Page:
Centre for Applied Entomology and Parasitology
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Keele group publishes new results on the use of sex pheromone to trap sandflies
The first results of a major study of sandfly control in Brazil have been published in the journal PLoS Neglected Tropical Diseases.
Gordon Hamilton, Professor of Medical Entomology and Vector Control in the School of Life Sciences and Director of Keele’s Centre for Applied Entomology and Parasitology (CAEP), has published the first results of his Brazil-based field trial of a new method for trapping sandflies. The project is funded by a major 5-year Strategic Translation Award from the Wellcome Trust.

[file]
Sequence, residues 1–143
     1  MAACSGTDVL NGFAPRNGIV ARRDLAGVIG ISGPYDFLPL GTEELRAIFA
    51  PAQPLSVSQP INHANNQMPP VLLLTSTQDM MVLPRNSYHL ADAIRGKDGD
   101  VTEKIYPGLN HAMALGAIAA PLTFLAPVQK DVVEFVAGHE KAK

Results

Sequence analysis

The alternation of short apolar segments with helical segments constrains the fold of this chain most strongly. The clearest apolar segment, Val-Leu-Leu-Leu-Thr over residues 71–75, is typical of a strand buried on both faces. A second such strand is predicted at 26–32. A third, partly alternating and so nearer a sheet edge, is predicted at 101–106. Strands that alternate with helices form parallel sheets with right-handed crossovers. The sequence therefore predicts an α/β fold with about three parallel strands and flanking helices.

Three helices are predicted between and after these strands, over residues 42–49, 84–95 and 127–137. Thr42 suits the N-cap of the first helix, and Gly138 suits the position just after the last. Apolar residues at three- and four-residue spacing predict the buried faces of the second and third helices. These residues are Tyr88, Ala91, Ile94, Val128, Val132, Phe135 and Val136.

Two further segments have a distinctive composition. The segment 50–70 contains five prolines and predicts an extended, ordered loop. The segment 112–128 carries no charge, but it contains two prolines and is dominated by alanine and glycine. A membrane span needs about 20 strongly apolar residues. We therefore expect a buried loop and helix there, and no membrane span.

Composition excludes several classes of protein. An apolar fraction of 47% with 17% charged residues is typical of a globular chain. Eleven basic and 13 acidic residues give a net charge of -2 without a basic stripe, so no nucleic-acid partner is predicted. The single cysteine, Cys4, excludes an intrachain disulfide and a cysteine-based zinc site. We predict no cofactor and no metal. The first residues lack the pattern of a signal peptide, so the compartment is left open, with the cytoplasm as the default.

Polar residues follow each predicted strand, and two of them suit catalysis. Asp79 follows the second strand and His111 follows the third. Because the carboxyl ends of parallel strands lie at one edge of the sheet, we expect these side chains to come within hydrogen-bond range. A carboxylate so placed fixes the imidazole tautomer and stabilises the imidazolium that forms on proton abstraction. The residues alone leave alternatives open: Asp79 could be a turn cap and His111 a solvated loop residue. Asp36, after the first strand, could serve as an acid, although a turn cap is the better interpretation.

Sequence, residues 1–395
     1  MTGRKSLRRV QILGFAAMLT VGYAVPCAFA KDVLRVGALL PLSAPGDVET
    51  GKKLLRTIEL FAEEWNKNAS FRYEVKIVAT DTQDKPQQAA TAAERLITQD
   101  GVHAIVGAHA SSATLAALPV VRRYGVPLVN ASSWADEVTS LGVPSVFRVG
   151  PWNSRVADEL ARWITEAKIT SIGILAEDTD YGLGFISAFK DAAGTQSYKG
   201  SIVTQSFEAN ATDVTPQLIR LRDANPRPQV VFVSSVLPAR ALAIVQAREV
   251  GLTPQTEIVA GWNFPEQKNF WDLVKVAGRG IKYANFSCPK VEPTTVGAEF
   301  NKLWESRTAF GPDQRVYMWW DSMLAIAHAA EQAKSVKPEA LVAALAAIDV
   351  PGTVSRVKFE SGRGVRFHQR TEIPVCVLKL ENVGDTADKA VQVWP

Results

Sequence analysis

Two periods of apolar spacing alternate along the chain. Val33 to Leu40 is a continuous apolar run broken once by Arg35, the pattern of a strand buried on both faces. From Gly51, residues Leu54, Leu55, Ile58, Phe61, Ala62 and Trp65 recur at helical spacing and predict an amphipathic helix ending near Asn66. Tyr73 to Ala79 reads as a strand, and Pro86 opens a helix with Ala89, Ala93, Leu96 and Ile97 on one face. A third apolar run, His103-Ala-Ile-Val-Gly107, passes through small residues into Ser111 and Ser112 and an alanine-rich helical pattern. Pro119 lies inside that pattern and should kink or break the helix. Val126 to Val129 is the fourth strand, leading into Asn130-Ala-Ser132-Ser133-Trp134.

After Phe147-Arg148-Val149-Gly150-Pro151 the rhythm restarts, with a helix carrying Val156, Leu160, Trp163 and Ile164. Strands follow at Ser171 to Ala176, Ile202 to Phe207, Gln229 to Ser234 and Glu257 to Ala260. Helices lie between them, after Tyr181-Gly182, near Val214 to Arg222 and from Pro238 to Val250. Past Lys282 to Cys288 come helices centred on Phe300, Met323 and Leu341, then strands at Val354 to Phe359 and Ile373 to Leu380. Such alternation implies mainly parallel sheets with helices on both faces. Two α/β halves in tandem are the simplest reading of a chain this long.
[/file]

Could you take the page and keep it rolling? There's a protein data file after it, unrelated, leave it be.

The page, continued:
The paper: Synthetic Sex Pheromone in a Long-Lasting Lure Attracts the Visceral Leishmaniasis Vector, Lutzomyia longipalpis, for up to 12 Weeks in Brazil, shows that the use of a synthetic sex pheromone, developed by Professor Hamilton’s group over many years of work at Keele, can significantly improve the trapping of sandflies. These insects are vectors for the Leishmania parasite, which causes the neglected tropical disease leishmaniasis. Infected people are afflicted by one of two forms of the disease: the more common cutaneous leishmaniasis, which causes disfiguring sores on their skin, and visceral leishmaniasis, which affects internal organs and can be fatal. Worldwide, about 2 million people are affected every year. One major method to control this disease is by preventing contact between human hosts and the sandfly vectors of the parasite.